The company is synonymous with trendy design, an elegant operating system and, yes, the most overblown claims ever floated in the computer industry. Apple Computer seems hell-bent on proving that they, not the late, great Atari, can hold the grand trophy for hyperbole. And with the pseudo-release of its G4 systems, Apple finally takes the cake.

The iMac, you'll recall, was" faster than an Intel Pentium II 400" when it debuted a year ago at an anemic 233 MHz. The iBook, you might remember, is the "second fastest" notebook on the planet (behind only, you guessed it, Apple's own PowerBook). But the new G4 systems, which are not only "super computers," are three times faster than an Intel Pentium III. It makes one wonder why we aren't all running out to buy Macintoshes.

Maybe it's because none of their claims are true. And while we don't necessarily need a programming luminary such as John Carmack to pipe in with a little reality, it's always good to hear from someone who is respected on both sides of the Windows/Macintosh divide. Because John Carmack knows what he's talking about, and few people would be foolish enough to doubt his take on any technical situation.

"Don't believe any hype about the G4 being 'three times as fast' as a Pentium III. It isn't," Carmack told "Inside Mac Games" magazine. "It is somewhat faster per clock on average, but definitely not twice as fast, and it trails the fastest x86 machines by quite a few MHz right now, and that isn't likely to change due to its short pipeline length. The G4 is great. I like it. Everyone should keep their claims rational."

Carmack also introduced some other information that's interesting, given Apple's recent claims of hardware superiority.

"The \[ATI\] Rage128 card in the \[blue and white G3\] Macs is running twenty or thirty MHz slower than the Rage128 you get for the PC. Apple started getting Rage128 cards before ATI had worked out all the production issues," Carmack says, which is interesting given that Apple had sold these systems with a tag line touting the ATI card as the "fastest 3D card on the market." "A PCI Rage128 in a 400 MHz Windows system performs noticeably faster…\[than a G3 Macintosh\]."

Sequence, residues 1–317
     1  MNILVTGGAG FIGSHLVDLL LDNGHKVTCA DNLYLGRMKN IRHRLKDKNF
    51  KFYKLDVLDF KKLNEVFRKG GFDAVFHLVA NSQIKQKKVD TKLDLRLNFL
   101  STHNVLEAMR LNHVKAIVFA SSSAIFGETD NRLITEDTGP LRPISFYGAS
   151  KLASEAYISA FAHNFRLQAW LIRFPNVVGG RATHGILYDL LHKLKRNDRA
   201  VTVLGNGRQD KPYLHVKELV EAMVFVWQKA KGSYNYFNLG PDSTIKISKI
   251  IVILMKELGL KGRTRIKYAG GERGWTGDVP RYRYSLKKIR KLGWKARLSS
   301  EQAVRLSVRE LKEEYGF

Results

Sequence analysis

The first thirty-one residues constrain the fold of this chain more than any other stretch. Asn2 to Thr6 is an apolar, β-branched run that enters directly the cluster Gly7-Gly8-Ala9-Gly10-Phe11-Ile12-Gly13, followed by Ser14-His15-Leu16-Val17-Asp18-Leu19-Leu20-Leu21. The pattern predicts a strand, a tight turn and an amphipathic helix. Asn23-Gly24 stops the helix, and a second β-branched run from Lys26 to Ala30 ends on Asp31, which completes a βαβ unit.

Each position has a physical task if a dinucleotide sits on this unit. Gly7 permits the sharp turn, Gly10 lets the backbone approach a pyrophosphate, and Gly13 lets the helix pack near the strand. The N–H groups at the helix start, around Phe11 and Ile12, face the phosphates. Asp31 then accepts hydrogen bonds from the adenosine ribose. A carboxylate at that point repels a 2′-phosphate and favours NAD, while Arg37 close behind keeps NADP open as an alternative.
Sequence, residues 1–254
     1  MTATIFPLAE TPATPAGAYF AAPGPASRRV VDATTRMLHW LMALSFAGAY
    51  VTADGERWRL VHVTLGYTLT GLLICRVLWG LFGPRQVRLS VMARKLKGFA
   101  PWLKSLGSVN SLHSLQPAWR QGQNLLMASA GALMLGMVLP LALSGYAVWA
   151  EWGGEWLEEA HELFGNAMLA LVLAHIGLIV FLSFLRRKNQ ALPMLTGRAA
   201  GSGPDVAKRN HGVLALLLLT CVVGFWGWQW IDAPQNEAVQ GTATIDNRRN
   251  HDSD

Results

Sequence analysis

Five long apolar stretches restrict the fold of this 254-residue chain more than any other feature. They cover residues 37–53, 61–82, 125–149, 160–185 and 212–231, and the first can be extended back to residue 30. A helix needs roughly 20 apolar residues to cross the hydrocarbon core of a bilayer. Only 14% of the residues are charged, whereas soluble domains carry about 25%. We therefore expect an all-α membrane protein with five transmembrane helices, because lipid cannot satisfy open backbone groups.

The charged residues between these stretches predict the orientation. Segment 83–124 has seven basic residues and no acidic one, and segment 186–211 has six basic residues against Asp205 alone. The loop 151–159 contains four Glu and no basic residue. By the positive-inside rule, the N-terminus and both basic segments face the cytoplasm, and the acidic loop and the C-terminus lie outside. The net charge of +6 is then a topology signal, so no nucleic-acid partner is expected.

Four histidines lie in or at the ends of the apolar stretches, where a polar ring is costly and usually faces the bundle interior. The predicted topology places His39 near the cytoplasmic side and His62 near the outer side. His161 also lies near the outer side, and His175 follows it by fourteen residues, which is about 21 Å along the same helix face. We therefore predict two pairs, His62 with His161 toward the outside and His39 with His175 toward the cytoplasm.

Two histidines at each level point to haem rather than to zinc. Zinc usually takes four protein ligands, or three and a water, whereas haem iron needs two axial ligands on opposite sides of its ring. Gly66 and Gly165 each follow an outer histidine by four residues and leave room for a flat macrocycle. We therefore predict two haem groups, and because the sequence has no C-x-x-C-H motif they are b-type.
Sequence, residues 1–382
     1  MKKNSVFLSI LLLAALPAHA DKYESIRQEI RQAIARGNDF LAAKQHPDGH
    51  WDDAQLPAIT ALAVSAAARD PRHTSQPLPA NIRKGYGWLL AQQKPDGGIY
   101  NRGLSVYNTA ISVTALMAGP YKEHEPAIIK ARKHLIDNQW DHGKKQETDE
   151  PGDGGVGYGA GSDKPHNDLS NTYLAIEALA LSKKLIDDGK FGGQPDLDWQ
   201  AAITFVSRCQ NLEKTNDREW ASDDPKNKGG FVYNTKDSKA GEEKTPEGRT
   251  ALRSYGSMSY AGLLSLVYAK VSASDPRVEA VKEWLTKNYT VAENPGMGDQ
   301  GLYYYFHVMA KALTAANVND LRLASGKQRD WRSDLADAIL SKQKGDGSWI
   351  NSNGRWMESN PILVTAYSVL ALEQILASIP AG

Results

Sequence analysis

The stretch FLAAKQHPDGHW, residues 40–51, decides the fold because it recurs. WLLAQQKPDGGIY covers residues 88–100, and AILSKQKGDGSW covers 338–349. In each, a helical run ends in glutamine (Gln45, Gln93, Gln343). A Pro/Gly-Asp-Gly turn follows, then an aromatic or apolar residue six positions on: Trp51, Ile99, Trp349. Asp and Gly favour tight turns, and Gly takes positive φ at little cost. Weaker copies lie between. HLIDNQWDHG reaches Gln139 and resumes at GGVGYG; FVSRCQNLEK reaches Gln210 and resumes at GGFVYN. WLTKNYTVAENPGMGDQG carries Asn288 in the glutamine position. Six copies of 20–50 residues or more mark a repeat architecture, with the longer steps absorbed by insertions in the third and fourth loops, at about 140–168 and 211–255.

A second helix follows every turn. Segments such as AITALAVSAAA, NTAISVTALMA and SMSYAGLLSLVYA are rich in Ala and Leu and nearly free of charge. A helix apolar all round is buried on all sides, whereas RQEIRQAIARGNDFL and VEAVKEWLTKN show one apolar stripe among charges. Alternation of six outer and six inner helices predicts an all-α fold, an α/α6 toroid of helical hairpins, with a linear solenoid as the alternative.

Many Apple advocates have tried to make a case that Apple's "Velocity Engine" extensions in the G4 are somehow vastly superior to the SIMD and MMX extensions that Intel has introduced over the years. Unsurprisingly, Carmack says this isn't the case either.

"\[The Velocity Engine\] has the same basic capabilities as the Intel and AMD extensions, but it has several conveniences beyond them," Carmack notes. "The main one is just architectural--trinary ops are a lot nicer than destructive binary ops. Like the Pentium III, but unlike AMD, the registers are separate, so they can be used at any time. There are improvements in permutation and other housekeeping tasks. The incoming memory streaming is nice, but Intel's write combining is better for outgoing streaming."

As for the iMac, Carmack states the obvious: It's underpowered and unacceptable as even an entry-level system for most people.

"The base iMac should have 64 Mb of RAM, Rage128 graphics, better speakers and a better mouse," he says. For serious gaming, it would need even more hardware.

The point behind all this isn't to dump on Apple or the Macintosh. To be honest, I've cheered their recent escape from the dustbin of irrelevance. But though Apple's got plenty of good hardware and software, they constantly overstate the capabilities of their systems in an apparent bid to increase sales and win public approval. The company makes good stuff. I just wish they didn't have to lie every time they told us about it.

--Pau